The city was founded in the 13th-century and grew as an important cultural and educational hub. However, as the world broke out into war during the early 20th-century, Siauliai suffered heavily.
Eighty-five percent of the city was destroyed during WW1 and despite rapidly rising from the ashes after the war, the city was again thrown into turmoil as WW2 broke out and inflicted even worse terrors.
Since the city had to be largely rebuilt after the war by the Soviets, there are plenty of amazing examples of modernist architecture around the city.
As you walk around the city, you can enjoy one of the city’s many parks and wide boulevards, perfect for a relaxing break.
Siauliai is also the launching point for visiting the Hill of Crosses that sits 7.5 miles north of the city.
On Lithuania’s southern border with Belarus is the chilled out town of Druskininkai. Surrounded by stunning birch forest and marshlands, Druskininkai grew famous for its healing spas.
During the early 20th century, the town had one popular spa resort that was classed as one of the best in the region attracting visitors from as far away as Moscow.
Once the Soviets took control of the town, sanatoriums were rapidly built and Druskininkai became one of the most famous resorts in the Soviet Union with almost half a million visitors each year.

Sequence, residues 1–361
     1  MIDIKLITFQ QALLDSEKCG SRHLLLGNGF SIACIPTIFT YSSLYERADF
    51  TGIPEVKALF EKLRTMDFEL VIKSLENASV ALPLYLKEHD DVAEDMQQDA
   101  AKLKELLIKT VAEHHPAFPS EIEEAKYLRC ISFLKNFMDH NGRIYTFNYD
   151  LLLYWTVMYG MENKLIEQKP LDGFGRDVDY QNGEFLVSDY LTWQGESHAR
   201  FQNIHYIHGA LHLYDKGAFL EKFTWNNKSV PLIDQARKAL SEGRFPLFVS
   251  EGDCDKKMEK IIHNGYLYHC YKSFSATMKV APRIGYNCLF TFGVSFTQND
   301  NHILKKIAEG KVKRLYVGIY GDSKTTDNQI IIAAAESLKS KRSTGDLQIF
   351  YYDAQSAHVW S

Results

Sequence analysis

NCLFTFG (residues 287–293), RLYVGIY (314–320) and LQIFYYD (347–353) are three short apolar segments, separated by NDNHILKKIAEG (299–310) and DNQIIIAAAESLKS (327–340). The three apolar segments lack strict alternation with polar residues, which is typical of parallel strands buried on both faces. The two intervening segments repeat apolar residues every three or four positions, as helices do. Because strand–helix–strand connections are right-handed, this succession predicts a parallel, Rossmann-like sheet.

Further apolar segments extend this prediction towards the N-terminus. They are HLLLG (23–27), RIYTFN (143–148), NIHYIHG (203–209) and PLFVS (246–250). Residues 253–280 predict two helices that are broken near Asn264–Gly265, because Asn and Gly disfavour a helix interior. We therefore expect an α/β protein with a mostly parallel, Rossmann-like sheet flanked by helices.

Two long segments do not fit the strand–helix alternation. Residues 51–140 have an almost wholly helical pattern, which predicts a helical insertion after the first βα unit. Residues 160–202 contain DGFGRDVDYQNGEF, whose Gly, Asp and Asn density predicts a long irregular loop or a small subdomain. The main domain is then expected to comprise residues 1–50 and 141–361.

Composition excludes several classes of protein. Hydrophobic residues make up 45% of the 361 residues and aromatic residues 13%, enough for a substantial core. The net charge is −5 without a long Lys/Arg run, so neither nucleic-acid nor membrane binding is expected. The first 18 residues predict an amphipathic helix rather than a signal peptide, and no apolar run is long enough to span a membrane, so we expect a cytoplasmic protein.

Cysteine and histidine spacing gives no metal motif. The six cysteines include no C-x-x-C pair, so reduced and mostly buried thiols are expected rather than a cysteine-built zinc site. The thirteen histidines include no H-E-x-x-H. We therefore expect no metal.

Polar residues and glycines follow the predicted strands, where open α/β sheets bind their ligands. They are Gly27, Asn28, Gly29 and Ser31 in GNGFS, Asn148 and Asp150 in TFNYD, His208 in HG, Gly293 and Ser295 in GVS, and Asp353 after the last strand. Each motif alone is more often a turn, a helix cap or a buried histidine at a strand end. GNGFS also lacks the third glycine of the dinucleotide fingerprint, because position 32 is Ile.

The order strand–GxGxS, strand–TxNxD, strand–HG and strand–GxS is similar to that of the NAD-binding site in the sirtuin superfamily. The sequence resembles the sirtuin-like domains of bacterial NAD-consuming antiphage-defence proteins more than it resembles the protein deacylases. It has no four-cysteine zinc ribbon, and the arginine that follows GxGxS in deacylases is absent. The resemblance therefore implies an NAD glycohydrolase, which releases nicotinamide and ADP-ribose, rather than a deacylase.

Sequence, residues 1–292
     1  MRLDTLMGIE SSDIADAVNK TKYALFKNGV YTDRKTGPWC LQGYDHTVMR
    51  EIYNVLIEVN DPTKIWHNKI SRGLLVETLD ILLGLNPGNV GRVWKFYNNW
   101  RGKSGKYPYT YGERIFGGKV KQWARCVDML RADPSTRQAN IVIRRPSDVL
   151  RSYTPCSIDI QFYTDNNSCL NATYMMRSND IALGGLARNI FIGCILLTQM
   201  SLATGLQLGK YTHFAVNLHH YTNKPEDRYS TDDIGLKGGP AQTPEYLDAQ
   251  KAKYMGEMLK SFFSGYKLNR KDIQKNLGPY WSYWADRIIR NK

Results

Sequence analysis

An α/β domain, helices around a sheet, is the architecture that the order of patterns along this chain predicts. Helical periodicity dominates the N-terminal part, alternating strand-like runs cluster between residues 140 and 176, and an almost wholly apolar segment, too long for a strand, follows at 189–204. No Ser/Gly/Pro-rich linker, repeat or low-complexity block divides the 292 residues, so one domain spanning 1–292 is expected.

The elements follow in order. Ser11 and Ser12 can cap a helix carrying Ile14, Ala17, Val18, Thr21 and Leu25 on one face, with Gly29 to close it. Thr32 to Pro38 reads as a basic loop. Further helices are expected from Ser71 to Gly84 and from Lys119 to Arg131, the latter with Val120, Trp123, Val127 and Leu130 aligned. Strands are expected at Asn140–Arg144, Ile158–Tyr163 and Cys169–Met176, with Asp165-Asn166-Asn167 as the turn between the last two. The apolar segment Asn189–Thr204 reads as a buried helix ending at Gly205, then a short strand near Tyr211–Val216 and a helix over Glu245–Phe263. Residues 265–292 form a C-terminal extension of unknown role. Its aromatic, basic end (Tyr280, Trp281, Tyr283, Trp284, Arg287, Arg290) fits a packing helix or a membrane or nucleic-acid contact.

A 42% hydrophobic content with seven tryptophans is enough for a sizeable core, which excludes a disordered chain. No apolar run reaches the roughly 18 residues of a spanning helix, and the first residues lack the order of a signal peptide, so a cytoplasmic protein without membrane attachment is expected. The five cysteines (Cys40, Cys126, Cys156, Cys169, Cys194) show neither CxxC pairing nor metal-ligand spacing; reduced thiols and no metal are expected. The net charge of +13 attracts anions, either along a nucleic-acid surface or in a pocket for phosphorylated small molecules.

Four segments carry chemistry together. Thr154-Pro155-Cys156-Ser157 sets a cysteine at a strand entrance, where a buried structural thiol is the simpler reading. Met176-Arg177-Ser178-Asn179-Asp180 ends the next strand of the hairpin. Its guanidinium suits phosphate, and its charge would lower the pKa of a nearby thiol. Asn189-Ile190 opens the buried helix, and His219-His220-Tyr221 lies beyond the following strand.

While many of the sanatoriums have since closed their doors since the collapse of the USSR, Druskininkai still has plenty to offer.
For water sports lovers, some of the lakes offer wakeboarding and water skiing, and interestingly, there is also one of Europe’s largest indoor ski slopes just outside of the town.
Outside of the city, there is Grutas Park, a private collection of Soviet monuments collected from around the country (I hated this place- they also had a horrifying zoo).
In the middle of the city, relax with a walk by the large lake or chill out in one of the town’s cafes.
Hill of Crosses
The main tourist sight in the Siauliai region is the Hill of Crosses, a creepy yet eerily beautiful attraction.
The small hill is overloaded with well over 200,000 crosses, statues of the Virgin Mary, and various other effigies. No one is entirely sure how the Hill of Crosses came into existence but crosses started appearing during the 1830’s.
During the Soviet occupation, the site became more important as it was a symbol of hope and a way to connect with the life and culture the Soviets tried so hard to wipe out.